We recognize the need to adjust to the temporary negative impacts of thinning and prescribed burns in order to prevent the much greater impacts of catastrophic wild fire.

We also want to sincerely thank the Forest Service for thoroughly considering our comments in response to the Proposed Action for this project! We were very pleased to see so much of our input incorporated into the Draft Environmental Impact Statement. These inclusions will go a long way towards mitigating some of the impacts of the Project’s fuels treatments on trails, recreation, and view sheds.

Concerns With All Action Alternatives in the DEIS

Communication regarding impacts to user created trails not thoroughly analyzed

By rough estimates, user-created trails comprise one half to three quarters (maybe more) of the miles of trails used by the recreating public in the project area. We recognize that the Forest Service lacks the authority to protect these trails throughout the implementation of the FWPP. Despite this, these trails are an important part of the existing condition as understood by a large number of trail users.

In order to effectively accomplish public engagement, the user-created, and USFS system, trails should have been shown on each of the maps of the various treatment methods for each the Alternatives. Additionally, the specifics for on the ground impacts to these trails should have been analyzed and discussed in order for the public to be able to better understand and comment on its concerns regarding the possible effects to these routes. As it stands, it is very difficult to assess which treatment will impact which trail(s). Although this is particularly true for user-created routes, as they are not shown on any maps, it is also true for some of the Alternatives, as the trails were only shown on a map for one Alternative.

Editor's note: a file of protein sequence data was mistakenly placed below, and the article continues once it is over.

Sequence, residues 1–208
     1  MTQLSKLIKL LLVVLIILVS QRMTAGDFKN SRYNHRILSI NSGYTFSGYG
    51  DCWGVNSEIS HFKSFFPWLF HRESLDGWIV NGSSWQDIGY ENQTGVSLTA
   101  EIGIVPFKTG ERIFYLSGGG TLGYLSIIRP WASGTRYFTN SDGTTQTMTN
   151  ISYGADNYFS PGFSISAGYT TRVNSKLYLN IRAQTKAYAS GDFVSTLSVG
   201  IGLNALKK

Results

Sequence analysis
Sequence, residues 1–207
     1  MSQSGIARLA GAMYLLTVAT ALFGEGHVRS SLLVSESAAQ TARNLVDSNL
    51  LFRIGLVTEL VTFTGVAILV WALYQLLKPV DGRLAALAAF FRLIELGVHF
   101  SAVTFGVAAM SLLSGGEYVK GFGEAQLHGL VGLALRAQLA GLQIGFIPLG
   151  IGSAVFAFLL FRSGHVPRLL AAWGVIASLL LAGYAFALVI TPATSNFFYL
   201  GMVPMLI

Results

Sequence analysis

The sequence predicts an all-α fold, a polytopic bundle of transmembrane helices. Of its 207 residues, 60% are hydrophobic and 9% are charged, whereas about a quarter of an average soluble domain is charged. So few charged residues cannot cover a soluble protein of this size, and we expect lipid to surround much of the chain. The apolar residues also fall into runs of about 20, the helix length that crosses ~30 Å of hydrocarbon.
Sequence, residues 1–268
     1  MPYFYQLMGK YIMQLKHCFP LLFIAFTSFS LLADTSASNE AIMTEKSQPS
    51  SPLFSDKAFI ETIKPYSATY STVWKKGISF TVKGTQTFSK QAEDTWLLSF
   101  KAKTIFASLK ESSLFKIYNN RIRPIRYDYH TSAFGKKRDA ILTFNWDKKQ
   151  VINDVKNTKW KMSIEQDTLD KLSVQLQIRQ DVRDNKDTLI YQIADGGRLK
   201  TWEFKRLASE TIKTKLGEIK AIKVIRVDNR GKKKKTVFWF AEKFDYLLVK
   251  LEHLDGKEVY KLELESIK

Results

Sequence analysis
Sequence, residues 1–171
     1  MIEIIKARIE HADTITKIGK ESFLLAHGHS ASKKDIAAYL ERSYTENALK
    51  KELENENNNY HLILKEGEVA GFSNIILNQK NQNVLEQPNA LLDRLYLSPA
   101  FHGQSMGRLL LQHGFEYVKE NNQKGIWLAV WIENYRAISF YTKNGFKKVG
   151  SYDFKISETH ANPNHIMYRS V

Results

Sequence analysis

We suggest that there may have been significantly more concern expressed and feedback elicited from the public over the impacts to the user-created trails had this information been made more clear. Although the FWPP may not be the appropriate vehicle to address concerns related to the long term plans for user-created trails, this feedback would have made clear the immediate need for the Mount Elden/Dry Lake Hills Recreation Planning and may have influenced the alternative development process.

Socio-economic impacts to recreation economy not thoroughly analyzed

Both actual and perceived changes to the trail system, as well as temporary closures, may substantially impact the recreation economy of Flagstaff. Flagstaff is home to an ever-growing number of outdoor recreation enthusiasts and businesses. Flagstaff is a destination for tens of thousands of outdoor recreationists from surrounding metropolitan areas, such as Phoenix and Las Vegas, and is also a recreation destination for many other travelers. Additionally it is because of the proximity to outdoor recreation opportunities, and the enhanced quality of life that accompanies these opportunities, that larger local employers such as W.L. Gore Associates, Flagstaff Medical Center and others are able to attract and retain many higher quality professionals. All of these things contribute greatly to the Flagstaff economy.